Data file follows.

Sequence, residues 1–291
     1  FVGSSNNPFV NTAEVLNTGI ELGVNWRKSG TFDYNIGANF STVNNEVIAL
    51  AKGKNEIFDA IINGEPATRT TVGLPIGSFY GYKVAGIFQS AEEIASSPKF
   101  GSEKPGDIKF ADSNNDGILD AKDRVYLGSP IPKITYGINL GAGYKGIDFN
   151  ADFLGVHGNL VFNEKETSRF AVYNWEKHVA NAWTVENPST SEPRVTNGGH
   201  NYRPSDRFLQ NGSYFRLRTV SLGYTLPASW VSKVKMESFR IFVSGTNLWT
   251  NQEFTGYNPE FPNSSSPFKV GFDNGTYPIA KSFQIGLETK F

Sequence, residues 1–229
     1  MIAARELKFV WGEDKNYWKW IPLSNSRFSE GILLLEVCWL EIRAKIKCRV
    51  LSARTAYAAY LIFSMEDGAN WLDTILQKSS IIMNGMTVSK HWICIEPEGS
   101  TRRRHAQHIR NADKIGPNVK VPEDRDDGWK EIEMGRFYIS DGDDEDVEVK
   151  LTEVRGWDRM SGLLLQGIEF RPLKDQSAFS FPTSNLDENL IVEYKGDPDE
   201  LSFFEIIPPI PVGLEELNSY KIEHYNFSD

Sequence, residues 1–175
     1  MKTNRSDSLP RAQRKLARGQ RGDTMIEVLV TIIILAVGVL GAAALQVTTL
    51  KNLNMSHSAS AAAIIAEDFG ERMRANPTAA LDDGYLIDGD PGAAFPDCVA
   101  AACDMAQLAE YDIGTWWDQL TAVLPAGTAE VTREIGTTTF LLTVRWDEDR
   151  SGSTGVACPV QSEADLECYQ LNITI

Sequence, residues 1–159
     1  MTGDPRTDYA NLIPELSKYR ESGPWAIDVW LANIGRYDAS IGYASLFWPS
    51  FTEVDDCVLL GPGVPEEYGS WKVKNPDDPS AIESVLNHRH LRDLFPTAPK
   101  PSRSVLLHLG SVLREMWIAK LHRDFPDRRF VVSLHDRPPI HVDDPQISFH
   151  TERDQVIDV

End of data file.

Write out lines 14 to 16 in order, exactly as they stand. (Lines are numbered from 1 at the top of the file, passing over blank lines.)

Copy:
Sequence, residues 1–175
     1  MKTNRSDSLP RAQRKLARGQ RGDTMIEVLV TIIILAVGVL GAAALQVTTL
    51  KNLNMSHSAS AAAIIAEDFG ERMRANPTAA LDDGYLIDGD PGAAFPDCVA